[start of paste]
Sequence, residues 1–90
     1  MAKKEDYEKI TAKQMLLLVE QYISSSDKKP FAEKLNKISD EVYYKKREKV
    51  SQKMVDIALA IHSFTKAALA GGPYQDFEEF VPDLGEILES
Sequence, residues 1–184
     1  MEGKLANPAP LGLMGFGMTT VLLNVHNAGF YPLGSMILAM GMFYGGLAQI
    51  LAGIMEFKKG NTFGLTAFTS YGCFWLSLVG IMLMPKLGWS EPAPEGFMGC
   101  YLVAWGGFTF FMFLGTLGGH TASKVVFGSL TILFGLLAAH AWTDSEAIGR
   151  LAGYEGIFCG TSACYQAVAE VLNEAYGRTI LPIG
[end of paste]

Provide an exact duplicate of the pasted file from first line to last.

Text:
Sequence, residues 1–90
     1  MAKKEDYEKI TAKQMLLLVE QYISSSDKKP FAEKLNKISD EVYYKKREKV
    51  SQKMVDIALA IHSFTKAALA GGPYQDFEEF VPDLGEILES
Sequence, residues 1–184
     1  MEGKLANPAP LGLMGFGMTT VLLNVHNAGF YPLGSMILAM GMFYGGLAQI
    51  LAGIMEFKKG NTFGLTAFTS YGCFWLSLVG IMLMPKLGWS EPAPEGFMGC
   101  YLVAWGGFTF FMFLGTLGGH TASKVVFGSL TILFGLLAAH AWTDSEAIGR
   151  LAGYEGIFCG TSACYQAVAE VLNEAYGRTI LPIG